Preserving & Protecting Your Family’s Assets & Legacy

Why single people need planning too!

On Behalf of | Mar 3, 2021 | Estate Planning |

From the desk of Felicia Pasculli, Esq.

It is important for a single person to undertake long term health care and estate planning.  Most single persons think planning is just for couples. It’s not surprising; the law has always been predisposed to the traditional family – spouses and children.  New York’s intestacy laws (how the blood line takes when there’s no Last Will & Testament) favor the traditional family. For example, wife passes and has no will.  For property not jointly owned or without beneficiary designations, husband and children will share.  However, what happens when you’re single?

The estate of an unmarried person who has failed to write a will, establish a trust, or name designated beneficiaries, goes to his or her parents. If parents are deceased, then to siblings.  If siblings are deceased, then to any children they may have had. I’ve represented estates where the decedent did not know the eventual beneficiary because their connection was grandmothers who were sisters.  And if no consanguinity exists up to that point, the single person’s estate goes to the state.  Many times, the bloodline would have been the last choice of the decedent.

Bloodline also takes precedence in the handling of remains unless the decedent has executed a form called Appointment of Agent for the Disposition of Remains. Even in the case of a long-time relationship, unless a partner has legally established the other’s right to make funeral and burial arrangements, the deceased partner’s family has the legal right.  The state developed this form since there were heart-breaking episodes of estranged families swooping in to take over arrangements at death, at times barring the companion from the funeral.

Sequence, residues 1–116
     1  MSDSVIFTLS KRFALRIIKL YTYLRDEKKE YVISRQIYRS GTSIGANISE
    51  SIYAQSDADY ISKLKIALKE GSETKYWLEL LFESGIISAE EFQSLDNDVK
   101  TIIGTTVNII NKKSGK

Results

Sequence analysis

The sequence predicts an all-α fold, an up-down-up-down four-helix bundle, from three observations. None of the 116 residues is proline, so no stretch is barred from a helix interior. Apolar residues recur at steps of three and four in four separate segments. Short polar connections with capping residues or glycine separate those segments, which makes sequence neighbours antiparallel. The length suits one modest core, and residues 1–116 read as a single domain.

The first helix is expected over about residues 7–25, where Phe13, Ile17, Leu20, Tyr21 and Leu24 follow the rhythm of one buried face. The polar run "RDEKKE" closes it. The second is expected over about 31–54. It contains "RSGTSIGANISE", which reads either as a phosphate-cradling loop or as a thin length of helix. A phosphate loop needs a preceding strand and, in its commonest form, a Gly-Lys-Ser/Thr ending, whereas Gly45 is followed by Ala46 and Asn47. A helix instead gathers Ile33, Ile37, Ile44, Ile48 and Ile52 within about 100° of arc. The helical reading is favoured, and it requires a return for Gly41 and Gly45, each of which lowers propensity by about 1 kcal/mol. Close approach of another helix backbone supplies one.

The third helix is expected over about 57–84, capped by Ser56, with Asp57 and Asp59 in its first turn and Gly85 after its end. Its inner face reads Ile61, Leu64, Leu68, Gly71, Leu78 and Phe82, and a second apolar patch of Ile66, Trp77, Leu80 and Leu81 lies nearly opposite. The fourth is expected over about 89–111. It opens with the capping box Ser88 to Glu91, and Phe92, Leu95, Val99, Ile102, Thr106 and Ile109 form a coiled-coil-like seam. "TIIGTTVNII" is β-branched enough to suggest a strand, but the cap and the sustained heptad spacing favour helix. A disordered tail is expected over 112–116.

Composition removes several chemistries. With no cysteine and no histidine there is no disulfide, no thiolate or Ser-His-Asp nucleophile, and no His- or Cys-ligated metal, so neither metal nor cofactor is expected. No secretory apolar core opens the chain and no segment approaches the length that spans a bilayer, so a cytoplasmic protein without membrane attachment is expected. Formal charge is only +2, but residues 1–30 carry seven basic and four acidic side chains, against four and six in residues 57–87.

Health care decision-making is handled in a similar manner. If a single individual is hospitalized and has not executed a health care proxy, family will often be allowed to make decisions such as executing do not resuscitate orders (DNRs).  I vividly remember one example.  A close friend suffered a traumatic brain injury and was in a coma. Fortunately, he had executed a health care proxy naming his longtime companion.  After two weeks, his brother demanded all extraordinary measures be stopped. However, the companion was the proxy.  My friend awoke after six weeks.  She knew his wishes much more deeply than his brother.

How about legal and financial matters?  Here’s where no one, including a spouse, can act to obtain information on assets, pay bills, or bring claims unless appointed an agent under a Power of Attorney (“POA”).  Every adult needs a power of attorney.  Unless assets are jointly owned, there’s no access to accounts.  A joint owner of real estate, including a spouse, has no right to convey or mortgage property without the consent of the other through a power of attorney.

What happens if a crisis ensues and no advance planning has taken place?  The only way to assert control over an individual’s healthcare or financial affairs is through the guardianship process.  Bloodline also takes precedence in this process. Guardianships are costly and often result in family contention. Guardians must report annually to the Court regarding their ward’s personal needs and financial circumstances.

A productive consultation with an estate planning attorney should include a discussion regarding trustworthy agents to act on behalf of the client if necessary. It is important that every person’s wishes be respected and assets protected should a crisis or death occur.


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